Tuesday, September 11, 2007

Mothman Fears

One night last week, my racist, Italian housemate, Nando, and I were watching TV together in the lounge. It being a warm night, Nando had opened the back window at my request. All of a sudden, a moth flew in the window and began that erratic flying pattern they do, spiraling towards the light in the corner. Then Nando jerked up from his reclining position, saying, "I hate those bloody things." I watched all this with casual amusement.
"Nando," I said, "you're not afraid of moths, are you?"
"I can't stand them," he replied, all the while ducking and diving in time to the little winged creature's movements. I started laughing out loud at this. "I can handle spiders and snakes, but I can't take these things flying at you. Hurry up and kill it!" he stated.
As if it understood Nando's violent intentions, the moth disappeared as suddenly as it had appeared. "Nando, I could understand being afraid of snakes, or spiders, because they could be poisonous, and could kill you," I explained, "but a moth can't do you any harm. It's a tiny, little thing and very delicate."
"I can't stand the way they fly around" he replied.
"Are you afraid of butterflies, too?" I asked.
"Butterflies don't bother me," Nando said. There doesn't seem to be that much difference between moths and butterflies, to me. Nando explained that butterflies don't fly at you and fly slower. I rolled my eyes at such petty differences. If someone wanted to torture Nando, all the torturer would have to do is lock Nando in a room with a dozen moths and an electric light. Nando looks like he's not afraid of anything. He's normally quite calm and not easily upset. Who'd have thought that something as small and insubstantial as a moth would terrify him?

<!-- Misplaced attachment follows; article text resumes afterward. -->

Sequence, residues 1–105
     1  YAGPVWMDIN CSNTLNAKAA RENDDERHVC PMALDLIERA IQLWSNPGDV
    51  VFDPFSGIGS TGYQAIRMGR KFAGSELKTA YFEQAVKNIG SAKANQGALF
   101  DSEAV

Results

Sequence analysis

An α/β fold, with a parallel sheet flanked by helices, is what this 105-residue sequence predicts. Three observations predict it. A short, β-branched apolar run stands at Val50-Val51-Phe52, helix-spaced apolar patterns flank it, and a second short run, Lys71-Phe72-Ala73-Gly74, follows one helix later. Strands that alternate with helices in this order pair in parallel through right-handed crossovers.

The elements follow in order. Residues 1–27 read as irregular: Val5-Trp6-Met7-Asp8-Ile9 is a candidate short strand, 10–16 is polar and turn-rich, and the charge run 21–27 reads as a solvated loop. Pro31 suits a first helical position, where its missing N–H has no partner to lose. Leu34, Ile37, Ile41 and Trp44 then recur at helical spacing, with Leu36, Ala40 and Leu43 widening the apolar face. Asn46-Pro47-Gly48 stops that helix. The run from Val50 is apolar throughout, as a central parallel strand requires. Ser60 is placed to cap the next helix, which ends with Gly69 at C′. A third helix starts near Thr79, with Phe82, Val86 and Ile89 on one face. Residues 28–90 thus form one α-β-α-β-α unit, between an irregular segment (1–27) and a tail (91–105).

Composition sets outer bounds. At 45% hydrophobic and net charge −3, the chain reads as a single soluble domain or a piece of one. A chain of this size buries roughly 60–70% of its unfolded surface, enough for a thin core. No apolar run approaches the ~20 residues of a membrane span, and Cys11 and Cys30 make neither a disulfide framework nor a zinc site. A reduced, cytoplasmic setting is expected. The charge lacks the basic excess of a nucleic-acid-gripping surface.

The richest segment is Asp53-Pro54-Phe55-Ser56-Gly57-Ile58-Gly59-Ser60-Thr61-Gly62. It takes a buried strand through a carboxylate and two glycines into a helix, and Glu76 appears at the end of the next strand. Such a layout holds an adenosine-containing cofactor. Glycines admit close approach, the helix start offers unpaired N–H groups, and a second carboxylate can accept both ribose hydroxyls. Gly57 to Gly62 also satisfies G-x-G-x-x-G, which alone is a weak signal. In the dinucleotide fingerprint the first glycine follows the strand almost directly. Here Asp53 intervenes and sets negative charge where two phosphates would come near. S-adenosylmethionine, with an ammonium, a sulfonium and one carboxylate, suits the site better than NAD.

I went up to bed, leaving Nando sitting anxiously in the lounge, looking this way and that, least the moth return. He said he'd have to kill it before he went to bed. As I left, Nando asked me to kill the flying creature, if I should run into it on my journey upstairs. I couldn't be bothered to even notice if I passed the moth, or not. The next day, Nando reported to me that said moth had indeed met his demise, at Nando's hands. He'd tracked it down before gong to bed, himself. Nando won that victory and it remains until the next little moth creature finds its way into the house. It might be fun to see what Nando would do if there were two months in the room, at the same time.

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